Semi-parametric estimation of direct and indirect effects in the COMBINE (Combining Medications and Behavioral Interventions for Alcoholism) Study
- Author(s): Subbaraman, Meenakshi Sabina
- Advisor(s): Ahern, Jennifer
- et al.
The investigators of the COMBINE (Combining Medications and Behavioral Interventions for Alcoholism) Study aimed to determine whether naltrexone, a drug alleged to reduce cravings for alcohol, combined with a behavioral intervention (CBI) assumed to change stress and coping behaviors, improves drinking outcomes more than either alone. After 16 weeks, only naltrexone alone and CBI alone significantly increased percent days abstinent (PDA) in models controlling for baseline PDA and site of treatment administration. Unexpectedly, the naltrexone + CBI combination did not offer any advantage over either naltrexone alone or CBI alone.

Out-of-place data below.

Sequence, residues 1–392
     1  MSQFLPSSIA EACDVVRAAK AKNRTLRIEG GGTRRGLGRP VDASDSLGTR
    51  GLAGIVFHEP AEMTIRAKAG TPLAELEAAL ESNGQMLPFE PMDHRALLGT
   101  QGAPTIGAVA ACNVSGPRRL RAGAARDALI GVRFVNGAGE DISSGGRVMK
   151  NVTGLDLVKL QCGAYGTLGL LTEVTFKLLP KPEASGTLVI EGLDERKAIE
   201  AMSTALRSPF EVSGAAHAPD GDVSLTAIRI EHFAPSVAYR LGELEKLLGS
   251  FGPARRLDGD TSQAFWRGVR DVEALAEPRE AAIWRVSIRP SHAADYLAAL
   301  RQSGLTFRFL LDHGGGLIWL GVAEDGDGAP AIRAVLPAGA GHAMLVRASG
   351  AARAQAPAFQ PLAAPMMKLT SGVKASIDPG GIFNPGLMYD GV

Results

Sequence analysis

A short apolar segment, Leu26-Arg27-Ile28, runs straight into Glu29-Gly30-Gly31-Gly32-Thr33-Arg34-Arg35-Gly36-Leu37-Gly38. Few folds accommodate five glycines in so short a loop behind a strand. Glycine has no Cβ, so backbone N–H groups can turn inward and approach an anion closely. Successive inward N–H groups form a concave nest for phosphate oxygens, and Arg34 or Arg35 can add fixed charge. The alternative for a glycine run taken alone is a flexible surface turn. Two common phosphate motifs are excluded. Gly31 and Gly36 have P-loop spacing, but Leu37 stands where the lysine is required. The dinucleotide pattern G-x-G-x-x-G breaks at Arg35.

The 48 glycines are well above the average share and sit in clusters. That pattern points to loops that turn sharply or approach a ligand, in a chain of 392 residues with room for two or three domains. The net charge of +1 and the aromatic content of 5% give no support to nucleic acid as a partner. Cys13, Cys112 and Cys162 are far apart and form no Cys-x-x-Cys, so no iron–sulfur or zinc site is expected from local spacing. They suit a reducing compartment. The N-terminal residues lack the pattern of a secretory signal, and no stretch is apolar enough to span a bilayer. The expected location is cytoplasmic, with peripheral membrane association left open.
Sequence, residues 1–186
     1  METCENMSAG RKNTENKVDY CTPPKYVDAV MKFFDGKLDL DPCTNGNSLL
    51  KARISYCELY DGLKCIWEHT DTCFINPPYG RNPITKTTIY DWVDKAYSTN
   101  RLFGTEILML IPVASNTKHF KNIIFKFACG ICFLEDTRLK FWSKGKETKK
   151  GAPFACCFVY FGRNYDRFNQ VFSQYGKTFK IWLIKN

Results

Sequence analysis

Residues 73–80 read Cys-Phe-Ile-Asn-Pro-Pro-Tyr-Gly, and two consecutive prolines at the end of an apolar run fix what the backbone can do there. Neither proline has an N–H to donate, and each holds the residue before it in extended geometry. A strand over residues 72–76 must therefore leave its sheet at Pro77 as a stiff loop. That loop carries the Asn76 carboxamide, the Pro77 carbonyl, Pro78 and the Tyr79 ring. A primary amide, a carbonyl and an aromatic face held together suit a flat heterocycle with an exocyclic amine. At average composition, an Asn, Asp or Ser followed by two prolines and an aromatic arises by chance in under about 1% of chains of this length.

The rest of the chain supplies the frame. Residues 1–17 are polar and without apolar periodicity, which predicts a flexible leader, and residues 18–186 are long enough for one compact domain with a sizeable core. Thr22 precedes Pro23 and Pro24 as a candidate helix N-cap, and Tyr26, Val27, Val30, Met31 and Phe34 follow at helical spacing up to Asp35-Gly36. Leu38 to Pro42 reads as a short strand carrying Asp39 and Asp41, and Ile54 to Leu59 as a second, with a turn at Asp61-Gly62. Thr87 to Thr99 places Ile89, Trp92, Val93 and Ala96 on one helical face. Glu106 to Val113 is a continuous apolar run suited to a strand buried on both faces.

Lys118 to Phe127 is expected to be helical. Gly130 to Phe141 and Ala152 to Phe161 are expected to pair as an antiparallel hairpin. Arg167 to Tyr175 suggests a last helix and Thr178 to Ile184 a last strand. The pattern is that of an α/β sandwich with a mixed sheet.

To understand moderating and mediating factors, and to help explain the Combination's lack of improvement over each monotherapy, controlled and natural direct effect analyses were performed using targeted maximum likelihood estimation (TMLE). TMLE offers several advantages over traditional direct effect analytic approaches such as double-robustness and allowance of treatment moderation by potential mediators. Cravings and stress were examined as theoretically informed mediators/moderators.
Controlled direct effect results show that naltrexone, CBI, and the Combination all work best when cravings are high, while none work when cravings are low. Similarly, naltrexone and the Combination work better when stress is high. Natural direct/indirect effect results show that all three treatments' effects are at least partially mediated by cravings, and that craving reduction explains 47-63% of treatment effects. Furthermore, naltrexone appears to affect cravings earlier while CBI works later.
Taken together, the set of results suggests the possibility of a threshold effect; if naltrexone reduces cravings early on and CBI is not effective when cravings are low, then the Combination's lack of improvement over either monotherapy should not be surprising.